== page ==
Customs and Border Protection Chief Announces Resignation


Published December 22, 2011


The head of U.S. Customs and Border Protection has announced he is resigning, calling his relatively short tenure -- the product of a presidential recess appointment -- "one of the most rewarding experiences of my public life."

Alan Bersin, who had been the Obama administration's point man on border security issues, took the helm of nation's customs and border efforts in March last year after being among 15 officials installed by President Obama without Senate confirmation.

Thursday morning, Bersin notified Obama he would be leaving at the end of the month.

In a statement afterward, Bersin said it has been his "honor" to work with his CBP colleagues, and he is "immensely proud of the significant and meaningful achievements" they have made during his tenure.

"Through innovative solutions and strengthened partnerships, we have measurably strengthened border security, enhanced our ability to prevent potential terror threats, streamlined the entry process for lawful trade, and expanded our trusted traveler programs," Bersin said.

More than a year ago, Bersin said he "absolutely" planned to stay at CBP beyond what his recess appointment, which requires the Senate to approve his nomination to serve beyond the congressional term. Bersin said he had hoped to prove himself to skeptical members of Congress in the months ahead.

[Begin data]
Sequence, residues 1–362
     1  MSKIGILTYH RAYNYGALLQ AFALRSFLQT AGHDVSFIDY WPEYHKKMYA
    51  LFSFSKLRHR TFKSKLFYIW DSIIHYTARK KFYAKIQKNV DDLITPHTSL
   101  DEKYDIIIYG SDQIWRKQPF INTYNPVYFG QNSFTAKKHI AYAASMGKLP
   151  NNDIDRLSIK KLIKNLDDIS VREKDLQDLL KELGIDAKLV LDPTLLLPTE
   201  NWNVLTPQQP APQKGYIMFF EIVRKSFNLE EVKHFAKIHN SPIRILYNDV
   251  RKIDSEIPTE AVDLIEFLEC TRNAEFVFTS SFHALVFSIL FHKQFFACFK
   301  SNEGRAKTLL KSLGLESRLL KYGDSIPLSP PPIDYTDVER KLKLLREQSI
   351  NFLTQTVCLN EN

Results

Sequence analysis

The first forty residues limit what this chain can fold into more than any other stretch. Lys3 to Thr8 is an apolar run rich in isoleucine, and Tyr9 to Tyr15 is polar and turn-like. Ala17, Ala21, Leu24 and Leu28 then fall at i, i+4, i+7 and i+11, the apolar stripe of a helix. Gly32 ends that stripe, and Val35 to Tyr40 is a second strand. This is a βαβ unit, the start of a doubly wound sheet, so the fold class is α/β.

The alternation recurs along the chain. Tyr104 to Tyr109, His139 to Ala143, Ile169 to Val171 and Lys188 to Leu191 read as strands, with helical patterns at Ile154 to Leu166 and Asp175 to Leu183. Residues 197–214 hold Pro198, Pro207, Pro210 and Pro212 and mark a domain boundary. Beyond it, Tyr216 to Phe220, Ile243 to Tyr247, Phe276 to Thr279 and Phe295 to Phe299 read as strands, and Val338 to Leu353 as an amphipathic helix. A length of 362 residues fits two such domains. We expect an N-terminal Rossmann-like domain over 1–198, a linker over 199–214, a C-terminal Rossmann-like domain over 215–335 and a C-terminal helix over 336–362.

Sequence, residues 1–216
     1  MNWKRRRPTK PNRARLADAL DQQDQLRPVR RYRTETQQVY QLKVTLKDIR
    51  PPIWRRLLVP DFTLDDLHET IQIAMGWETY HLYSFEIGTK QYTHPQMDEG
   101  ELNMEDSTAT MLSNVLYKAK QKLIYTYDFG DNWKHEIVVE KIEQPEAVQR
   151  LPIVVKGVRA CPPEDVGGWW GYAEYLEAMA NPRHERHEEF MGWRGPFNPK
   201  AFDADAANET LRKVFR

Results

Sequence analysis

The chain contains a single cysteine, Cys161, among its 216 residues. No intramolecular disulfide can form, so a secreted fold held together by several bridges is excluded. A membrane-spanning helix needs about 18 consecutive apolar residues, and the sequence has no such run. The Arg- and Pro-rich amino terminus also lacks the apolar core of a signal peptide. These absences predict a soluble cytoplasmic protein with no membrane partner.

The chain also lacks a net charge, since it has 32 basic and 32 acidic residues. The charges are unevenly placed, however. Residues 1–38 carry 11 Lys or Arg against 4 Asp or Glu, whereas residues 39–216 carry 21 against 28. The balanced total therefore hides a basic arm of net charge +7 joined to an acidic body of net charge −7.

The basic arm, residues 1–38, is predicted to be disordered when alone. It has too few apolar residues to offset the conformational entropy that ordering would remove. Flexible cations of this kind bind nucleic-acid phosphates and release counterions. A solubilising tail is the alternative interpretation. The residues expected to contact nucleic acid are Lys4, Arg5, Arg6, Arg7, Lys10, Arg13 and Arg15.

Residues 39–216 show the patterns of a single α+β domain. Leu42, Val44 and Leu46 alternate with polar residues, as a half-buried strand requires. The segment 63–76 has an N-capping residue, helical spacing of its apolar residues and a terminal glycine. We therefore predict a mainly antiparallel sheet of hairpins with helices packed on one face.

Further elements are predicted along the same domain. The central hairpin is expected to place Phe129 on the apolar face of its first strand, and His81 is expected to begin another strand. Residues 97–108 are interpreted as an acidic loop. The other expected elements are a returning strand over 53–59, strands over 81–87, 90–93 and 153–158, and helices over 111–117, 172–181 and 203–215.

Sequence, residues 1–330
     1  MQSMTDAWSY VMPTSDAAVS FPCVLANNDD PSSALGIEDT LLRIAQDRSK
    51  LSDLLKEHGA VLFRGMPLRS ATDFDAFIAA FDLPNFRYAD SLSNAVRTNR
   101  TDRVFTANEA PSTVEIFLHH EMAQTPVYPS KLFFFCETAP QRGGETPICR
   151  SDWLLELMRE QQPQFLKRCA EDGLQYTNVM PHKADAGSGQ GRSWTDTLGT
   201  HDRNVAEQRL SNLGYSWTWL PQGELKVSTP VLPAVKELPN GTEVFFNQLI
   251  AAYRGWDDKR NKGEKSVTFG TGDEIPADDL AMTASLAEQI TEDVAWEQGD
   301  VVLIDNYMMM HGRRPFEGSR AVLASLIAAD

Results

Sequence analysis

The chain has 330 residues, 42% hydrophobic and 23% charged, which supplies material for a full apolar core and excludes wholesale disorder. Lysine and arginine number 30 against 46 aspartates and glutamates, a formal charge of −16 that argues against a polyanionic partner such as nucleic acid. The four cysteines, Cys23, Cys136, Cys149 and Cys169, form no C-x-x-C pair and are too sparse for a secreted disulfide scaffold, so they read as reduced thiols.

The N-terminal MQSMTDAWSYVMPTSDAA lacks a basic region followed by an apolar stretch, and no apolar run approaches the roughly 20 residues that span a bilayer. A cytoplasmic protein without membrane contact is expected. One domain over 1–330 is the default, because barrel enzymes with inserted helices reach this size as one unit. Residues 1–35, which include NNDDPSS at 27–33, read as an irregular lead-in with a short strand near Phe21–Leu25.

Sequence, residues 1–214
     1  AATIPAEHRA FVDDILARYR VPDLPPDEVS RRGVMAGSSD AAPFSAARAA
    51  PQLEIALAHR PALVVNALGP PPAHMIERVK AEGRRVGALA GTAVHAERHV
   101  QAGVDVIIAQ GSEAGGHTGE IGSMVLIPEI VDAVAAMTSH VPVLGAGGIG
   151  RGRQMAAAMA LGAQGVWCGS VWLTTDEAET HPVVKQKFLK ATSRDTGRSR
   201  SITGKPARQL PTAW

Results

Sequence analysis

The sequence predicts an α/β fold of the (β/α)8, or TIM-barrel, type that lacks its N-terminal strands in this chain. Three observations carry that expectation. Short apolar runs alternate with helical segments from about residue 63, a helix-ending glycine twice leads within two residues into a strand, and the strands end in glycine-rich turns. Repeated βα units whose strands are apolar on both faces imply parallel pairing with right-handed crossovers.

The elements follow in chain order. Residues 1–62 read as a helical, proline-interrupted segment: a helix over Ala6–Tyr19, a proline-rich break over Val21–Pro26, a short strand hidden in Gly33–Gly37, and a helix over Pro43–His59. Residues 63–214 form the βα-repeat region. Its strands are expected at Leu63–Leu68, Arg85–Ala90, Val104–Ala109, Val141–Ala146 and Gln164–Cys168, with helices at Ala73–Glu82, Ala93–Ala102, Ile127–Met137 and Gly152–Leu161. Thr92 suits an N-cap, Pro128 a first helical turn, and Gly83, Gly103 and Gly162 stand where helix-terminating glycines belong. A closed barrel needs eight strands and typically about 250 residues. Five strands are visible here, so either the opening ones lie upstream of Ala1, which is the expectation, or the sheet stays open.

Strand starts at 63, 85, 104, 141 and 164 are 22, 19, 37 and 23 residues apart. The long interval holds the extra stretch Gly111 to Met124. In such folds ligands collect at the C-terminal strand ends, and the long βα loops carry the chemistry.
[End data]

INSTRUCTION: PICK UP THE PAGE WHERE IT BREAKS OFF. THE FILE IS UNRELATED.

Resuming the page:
"Recess appointments have a history in all administrations, and I expect over time that people will come to see that it was a good choice, and I look forward to that. I look forward to earning that confidence with members of Congress," he told a group of reporters in April 2010, a month after becoming commissioner.

But the commissioner, who was first nominated to take the job in September 2009, was criticized by some in the Senate for failing to document the employment eligibility of those working in his home. As head of an agency responsible for protecting the borders, that remains an issue.

Now that he is leaving CBP, Bersin said he is departing with "full confidence that they will continue to secure our borders and foster the lawful exchange of people and goods with vigilance, service and integrity."

Before joining the Obama administration, Bersin served in a wide array of positions, including a stint as a private lawyer in Los Angeles, nearly five years as the U.S. attorney in Southern California, and more than a year as California's secretary of education under Governor Arnold Schwarzenegger.